Floored: How a Misguided Fed Experiment Deepened and Prolonged the Great Recession.

Author:Cutsinger, Bryan P.
 
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* Floored: How a Misguided Fed Experiment Deepened and Prolonged the Great Recession

By George Selgin

Washington, D.C.: Cato Institute, 2018.

Pp. xviii, 205. $16.95 paperback.

When Federal Reserve officials first announced in 2008 their plan to engage in quantitative easing, many believed that inflation would soon follow. The Fed's rapidly expanding balance sheet, the argument went, would cause the money supply to balloon and the price level to skyrocket. Yet in the years since the plan was instituted, inflation has remained relatively mild. Why did the predictions of these dire warnings never come to pass? In Floored! How a Misguided Fed Experiment Deepened and Prolonged the Great Recession, George Selgin argues that these outcomes failed to materialize because Fed officials adopted a new operating framework in the midst of the financial crisis that fundamentally transformed the U.S. monetary system.

Selgin's book is a comprehensive analysis of the Fed's new operating framework--known as a floor system--that provides an overview of its origins and an examination of its macroeconomic consequences. Selgin argues that the floor system not only is illegal but also has had several deleterious effects on the U.S. economy and raises serious political economy problems that threaten to further politicize the Fed. Selgin's goal is to convince policy makers and the general public that rather than making the floor system permanent, as some have suggested, the Fed should return to a more conventional operating framework.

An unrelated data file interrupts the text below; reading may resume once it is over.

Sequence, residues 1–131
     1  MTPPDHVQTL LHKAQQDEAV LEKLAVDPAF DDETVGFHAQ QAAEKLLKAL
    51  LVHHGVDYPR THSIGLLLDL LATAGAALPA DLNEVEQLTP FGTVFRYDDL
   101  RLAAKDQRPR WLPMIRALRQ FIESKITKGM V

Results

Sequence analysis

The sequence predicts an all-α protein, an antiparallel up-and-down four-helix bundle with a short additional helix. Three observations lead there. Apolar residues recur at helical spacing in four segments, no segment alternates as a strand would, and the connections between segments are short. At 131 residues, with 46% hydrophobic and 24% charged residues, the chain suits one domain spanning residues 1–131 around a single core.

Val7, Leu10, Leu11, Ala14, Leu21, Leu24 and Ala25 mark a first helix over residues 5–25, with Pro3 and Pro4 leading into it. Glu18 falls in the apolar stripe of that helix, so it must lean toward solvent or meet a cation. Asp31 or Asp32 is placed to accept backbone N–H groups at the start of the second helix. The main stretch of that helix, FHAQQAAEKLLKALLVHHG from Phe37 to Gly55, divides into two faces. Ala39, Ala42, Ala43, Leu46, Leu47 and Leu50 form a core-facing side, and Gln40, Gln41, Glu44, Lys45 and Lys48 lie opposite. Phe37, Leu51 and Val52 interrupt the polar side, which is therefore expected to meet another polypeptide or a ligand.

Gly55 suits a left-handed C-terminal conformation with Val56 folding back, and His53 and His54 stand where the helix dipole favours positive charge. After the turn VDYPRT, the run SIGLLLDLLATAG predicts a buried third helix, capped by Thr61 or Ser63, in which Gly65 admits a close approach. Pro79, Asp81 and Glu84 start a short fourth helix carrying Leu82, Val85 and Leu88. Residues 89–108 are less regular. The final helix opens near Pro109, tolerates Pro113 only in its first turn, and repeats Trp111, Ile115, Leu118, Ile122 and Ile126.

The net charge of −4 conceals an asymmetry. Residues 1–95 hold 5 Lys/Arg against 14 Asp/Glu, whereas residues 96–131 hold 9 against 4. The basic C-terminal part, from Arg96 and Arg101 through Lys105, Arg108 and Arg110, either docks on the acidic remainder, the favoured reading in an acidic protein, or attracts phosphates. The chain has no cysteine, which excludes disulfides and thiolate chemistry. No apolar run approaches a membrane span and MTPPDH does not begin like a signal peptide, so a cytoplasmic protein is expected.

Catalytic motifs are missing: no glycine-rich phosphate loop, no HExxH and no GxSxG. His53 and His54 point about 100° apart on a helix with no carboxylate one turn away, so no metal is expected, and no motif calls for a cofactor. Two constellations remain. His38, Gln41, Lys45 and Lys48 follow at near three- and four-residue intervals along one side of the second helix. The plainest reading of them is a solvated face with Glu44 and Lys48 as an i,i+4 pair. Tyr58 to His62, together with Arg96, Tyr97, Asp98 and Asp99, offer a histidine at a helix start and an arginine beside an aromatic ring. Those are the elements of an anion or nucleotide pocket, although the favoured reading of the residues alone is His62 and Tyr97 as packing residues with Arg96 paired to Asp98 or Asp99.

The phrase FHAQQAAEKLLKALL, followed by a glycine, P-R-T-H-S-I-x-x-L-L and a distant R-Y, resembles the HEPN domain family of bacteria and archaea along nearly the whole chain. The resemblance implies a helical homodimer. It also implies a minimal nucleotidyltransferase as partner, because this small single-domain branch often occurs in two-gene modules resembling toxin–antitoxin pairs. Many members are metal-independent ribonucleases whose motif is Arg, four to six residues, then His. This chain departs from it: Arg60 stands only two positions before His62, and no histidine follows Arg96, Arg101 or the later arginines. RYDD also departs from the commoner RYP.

As Selgin explains in the book's early chapters, a floor system is an operating framework wherein the central bank's primary instrument of monetary policy is the interest rate that it pays on bank reserves. In a floor system, there is no longer a link between the quantity of reserves in the banking system and the overall stance of monetary policy, which means that increases in the size of the central bank's balance sheet need not lead to increases in the money supply and the price level. By contrast, prior to the financial crisis, the Fed's primary policy instrument was the federal funds rate, which it influenced by varying the quantity of reserves in the banking system via open market operations.

In 2006, Congress authorized the Fed to pay interest on reserves in order to offset the implicit tax that minimum-reserve requirements impose on banks and their depositors. According to Selgin, the original intent behind the law was not to...

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